Sunday, September 15, 2002

"It would be an oversimplification to label the contrast between Line and Mound a contrast between modern and ancient ways of knowing, science and religion. A more accurate way to state the contrast would be between heaven-centered vs. earth-centered forms of knowledge, both ancient and modern. The "star-dictated" (601) absolutes of Mason's astronomy or Zarpazo's Jesuit theology, which thrive on neat geometries and stable hierarchies, are juxtaposed with what Zhang and Dixon call the ambiguities and "inner shapes" of earthly realities, including the sheer difficulty Mason and Dixon have making perfect celestial or magnetic measurements in the field and the myriad ways in which mortal human lives and understandings conflict with truths that science and theology claim are universal. Zhang associates these latter forces with "the true inner shape, or Dragon [Shan], of the Land," while for Dixon they represent Tellurick or earth-centered forces, especially magnetism. In the Indian Mound these forces find their most powerful centering, their most direct contact and conflict with the different energies embodied by the measuring of the Line. For Pynchon, the Indian Mound and the Dragon Shan represent not only ancient world views antithetical to Enlightenment science, but are prophetic of how that same science already contained within it anomalies that could only be resolved with the invention in the twentieth century of quantum physics, fractals, and the sciences of chaos and "complex systems" combining both linear and non-linear iterations. Hence we are meant to see in the Mound's Vortex not a unique or exceptional occurrence but an emblem for the infinite number of narrative Vortices or alternative universes already present in any Linear rendering of either space or time. "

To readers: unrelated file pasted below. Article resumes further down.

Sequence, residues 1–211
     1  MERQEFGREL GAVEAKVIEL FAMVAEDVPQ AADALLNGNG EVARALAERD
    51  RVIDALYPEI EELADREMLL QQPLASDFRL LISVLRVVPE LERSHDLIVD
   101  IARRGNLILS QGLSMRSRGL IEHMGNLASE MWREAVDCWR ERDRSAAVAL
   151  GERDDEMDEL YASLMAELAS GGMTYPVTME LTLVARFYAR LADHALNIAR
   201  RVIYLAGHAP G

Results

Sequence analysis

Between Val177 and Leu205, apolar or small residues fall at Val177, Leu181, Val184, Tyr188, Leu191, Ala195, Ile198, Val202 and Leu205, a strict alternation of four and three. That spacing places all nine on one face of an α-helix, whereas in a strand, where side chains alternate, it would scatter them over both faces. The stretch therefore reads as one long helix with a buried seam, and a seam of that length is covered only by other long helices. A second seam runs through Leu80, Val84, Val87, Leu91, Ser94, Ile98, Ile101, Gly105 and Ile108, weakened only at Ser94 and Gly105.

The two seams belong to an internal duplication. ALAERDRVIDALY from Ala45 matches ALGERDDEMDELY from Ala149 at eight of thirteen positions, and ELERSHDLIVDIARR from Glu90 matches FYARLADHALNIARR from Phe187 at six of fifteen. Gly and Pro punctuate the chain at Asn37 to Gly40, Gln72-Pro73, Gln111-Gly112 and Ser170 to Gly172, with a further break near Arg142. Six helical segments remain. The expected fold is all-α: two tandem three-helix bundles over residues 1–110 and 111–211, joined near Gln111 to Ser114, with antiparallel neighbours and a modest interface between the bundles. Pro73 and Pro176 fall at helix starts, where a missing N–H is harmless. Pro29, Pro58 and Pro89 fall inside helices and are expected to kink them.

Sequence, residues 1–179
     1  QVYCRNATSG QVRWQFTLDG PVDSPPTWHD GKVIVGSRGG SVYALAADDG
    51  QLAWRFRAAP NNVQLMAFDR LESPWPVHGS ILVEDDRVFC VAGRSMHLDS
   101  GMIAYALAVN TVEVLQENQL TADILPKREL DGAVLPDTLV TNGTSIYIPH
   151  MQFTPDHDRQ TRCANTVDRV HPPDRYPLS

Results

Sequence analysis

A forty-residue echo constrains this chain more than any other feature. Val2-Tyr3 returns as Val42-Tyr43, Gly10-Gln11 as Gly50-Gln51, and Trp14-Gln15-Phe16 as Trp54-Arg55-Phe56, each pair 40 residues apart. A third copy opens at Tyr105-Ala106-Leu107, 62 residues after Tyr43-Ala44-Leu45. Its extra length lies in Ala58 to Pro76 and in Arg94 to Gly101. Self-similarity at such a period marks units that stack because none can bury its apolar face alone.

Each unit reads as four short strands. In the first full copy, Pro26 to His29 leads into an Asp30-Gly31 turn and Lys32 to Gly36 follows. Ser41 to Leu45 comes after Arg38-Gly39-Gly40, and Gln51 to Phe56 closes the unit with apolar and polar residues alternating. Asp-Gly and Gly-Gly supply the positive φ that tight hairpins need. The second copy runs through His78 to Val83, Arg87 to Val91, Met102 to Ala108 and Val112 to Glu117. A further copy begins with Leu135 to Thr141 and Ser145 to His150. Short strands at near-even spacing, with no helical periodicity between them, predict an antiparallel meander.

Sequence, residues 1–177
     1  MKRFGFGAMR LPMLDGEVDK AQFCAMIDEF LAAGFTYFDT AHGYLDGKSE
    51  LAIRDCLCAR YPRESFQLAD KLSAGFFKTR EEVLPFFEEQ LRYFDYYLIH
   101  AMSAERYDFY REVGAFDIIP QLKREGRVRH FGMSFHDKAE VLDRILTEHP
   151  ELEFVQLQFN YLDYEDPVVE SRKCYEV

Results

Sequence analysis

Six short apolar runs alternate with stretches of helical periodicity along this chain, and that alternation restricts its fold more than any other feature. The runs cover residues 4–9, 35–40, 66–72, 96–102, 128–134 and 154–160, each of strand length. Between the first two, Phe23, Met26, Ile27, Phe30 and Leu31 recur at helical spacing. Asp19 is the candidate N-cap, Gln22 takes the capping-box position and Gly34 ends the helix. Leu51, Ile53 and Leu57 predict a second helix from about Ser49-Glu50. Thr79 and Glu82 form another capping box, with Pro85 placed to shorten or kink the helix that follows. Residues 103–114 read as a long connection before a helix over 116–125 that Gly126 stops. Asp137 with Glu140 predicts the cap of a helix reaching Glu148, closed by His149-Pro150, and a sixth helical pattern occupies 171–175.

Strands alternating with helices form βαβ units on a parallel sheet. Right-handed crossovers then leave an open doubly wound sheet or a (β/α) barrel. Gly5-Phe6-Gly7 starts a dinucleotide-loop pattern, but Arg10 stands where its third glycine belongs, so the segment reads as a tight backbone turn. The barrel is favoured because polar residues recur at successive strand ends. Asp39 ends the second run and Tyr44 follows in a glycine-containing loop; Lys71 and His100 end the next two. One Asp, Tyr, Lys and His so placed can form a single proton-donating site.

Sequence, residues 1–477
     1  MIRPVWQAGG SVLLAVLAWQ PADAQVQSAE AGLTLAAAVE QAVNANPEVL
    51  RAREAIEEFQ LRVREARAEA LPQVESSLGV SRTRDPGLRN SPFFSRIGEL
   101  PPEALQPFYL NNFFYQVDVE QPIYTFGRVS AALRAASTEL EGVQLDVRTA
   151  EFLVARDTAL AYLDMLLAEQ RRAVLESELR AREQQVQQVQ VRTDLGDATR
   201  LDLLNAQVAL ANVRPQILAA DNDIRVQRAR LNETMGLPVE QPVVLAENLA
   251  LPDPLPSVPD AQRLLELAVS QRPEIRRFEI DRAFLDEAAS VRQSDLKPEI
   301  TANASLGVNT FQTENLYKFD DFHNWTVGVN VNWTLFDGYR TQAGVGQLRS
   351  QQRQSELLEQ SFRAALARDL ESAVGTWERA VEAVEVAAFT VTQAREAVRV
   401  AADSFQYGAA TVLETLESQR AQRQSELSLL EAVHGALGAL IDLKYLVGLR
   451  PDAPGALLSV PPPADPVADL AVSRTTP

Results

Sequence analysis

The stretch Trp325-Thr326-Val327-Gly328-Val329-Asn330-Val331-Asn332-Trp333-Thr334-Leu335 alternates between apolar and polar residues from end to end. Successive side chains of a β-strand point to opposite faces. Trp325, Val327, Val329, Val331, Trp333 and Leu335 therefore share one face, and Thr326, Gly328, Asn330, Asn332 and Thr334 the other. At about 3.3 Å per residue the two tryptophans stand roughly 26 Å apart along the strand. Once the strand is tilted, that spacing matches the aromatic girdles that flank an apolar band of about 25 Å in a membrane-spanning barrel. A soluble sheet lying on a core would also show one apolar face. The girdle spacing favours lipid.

Line, Vortex, and Mound: On First Reading Thomas Pynchon's Mason and Dixon
by Peter Schmidt.